Optimal Rates of Mutation and Crossover Operators

Initial experiments focused on finding the optimal rates of mutation and crossover operators understood here as the rates which produced the best progress of MAs. An extensive parameter search was conducted to determine the optimal rates (see Table 3). Obtained results differed for various types of evolutionary algorithms. Typical results for MA-ES are presented in Figure 4 which shows the average best-so-far fitness values and 95% confidence intervals (vertical lines) calculated using Johnson’s modified t test (Johnson, 1978) obtained in a series of design experiments with MA – ES(5+25) for Problem Ia. In these experiments, the rate of uniform crossover was equal to 0.2.

A clear pattern can be identified in Figure 4 regarding the impact of the mutation rate on the fitness of produced designs: lower mutation rates produce better fitness (i. e. lower fitness because it is a minimization problem) of designs produced. This pattern was observed in all design experiments involving MA-ES for various parent and offspring population sizes, and crossover rates, as illustrated in Figure 5. It shows average best-so-far fitness values and corresponding confidence intervals obtained at the end of short-term experiments for Problem Ia. Similar patterns were obtained for Problems Ib-c, and Problem II when ES was used.

Figure 4: Progress of MA-ES for various mutation Figure 5: Impact of mutation rates on MA-ES rates

Different results and patterns were obtained when MA-GAs were employed to optimize topologies of steel structural systems. Figure 6 compares the results produced by two MAs, one employing MA­ES and one utilizing MA-GA. Here, the graphs produced by MA-ES(5,25) (left) are compared to the graphs produced by MA-GA(5,25) (center) and MA-GA(50,50) (right). It is clear that the results produced by MA-GAs are significantly different in terms of patterns produced: higher mutation rates produce better results, particularly when low crossover rates are used. In this case, however, the differences among the results produced by MA-GAs with various rates of mutation are small.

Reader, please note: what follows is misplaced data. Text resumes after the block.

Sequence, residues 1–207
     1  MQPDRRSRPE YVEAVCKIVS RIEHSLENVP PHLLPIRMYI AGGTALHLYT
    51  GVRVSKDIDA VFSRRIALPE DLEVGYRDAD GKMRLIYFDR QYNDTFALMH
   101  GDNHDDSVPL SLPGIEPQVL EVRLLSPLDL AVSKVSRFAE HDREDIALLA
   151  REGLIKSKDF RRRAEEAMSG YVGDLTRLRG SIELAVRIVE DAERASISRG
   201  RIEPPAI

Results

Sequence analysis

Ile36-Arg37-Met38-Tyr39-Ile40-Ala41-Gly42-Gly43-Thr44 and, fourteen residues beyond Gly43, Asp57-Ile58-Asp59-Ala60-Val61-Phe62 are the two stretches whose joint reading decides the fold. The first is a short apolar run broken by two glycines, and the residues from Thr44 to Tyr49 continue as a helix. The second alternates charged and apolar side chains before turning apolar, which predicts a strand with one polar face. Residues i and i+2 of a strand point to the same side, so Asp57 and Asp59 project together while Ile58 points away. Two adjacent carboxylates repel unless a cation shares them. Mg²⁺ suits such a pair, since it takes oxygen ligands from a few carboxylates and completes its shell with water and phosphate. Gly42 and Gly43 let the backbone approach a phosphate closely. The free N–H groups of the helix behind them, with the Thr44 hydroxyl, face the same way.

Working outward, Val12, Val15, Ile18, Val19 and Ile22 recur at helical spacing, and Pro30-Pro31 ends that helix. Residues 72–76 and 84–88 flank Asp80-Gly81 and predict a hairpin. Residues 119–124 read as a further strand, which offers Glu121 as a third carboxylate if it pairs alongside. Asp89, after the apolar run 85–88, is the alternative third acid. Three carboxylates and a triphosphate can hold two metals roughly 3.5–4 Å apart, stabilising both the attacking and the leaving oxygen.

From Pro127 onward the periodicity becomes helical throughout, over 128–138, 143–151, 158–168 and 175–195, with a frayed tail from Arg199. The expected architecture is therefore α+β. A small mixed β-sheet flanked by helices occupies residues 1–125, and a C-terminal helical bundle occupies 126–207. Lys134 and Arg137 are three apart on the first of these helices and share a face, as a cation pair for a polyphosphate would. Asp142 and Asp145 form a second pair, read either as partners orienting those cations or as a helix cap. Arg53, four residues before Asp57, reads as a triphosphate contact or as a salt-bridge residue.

A search for the optimal rate of the crossover operator was conducted by analyzing the results of the design experiments in which various crossover rates were used but the mutation rate was kept the same. Figure 7 presents typical results obtained in the experiments in which MA-ES were used. It shows the average best-so-far fitness values and 95% confidence intervals obtained in the design experiments with MA-ES(5+25) and 3 different rates of crossover, i. e. 0.0, 0.2, and 0.5. The mutation rate was kept the same and equal to 0.025. Figure 7 shows that various crossover rates yielded only small differences in the fitness of produced designs. No clear pattern could be observed, as it was the case with the mutation operator. These observations were further confirmed by the results presented in Figure 8. It shows that there was no trend favoring specific crossover rates. On the contrary, in some cases the best results were achieved with no crossover at all and sometimes the best results were obtained when very high crossover rates are used, i. e. when the rate was equal to 0.5. Figure 8 also shows that even if there were differences among the fitness values obtained with various crossover rates, they were not significant (confidence intervals overlap in all cases). These results were consistent for all design problems reported in the paper. Similarly as in the case of MA-ES, MA-GAs do not exhibit any clear pattern in terms of preferred crossover rates. The graph showing these results was, however, omitted.

Concluding, MA-ES produce the best results when low rates of mutation operator are used, e. g. 0.025. On the contrary, higher rates of mutation seem to be preferred by MA-GAs but the differences in the obtained results are not as significant as in the case of MA-ES. No such patterns were obtained for crossover rates.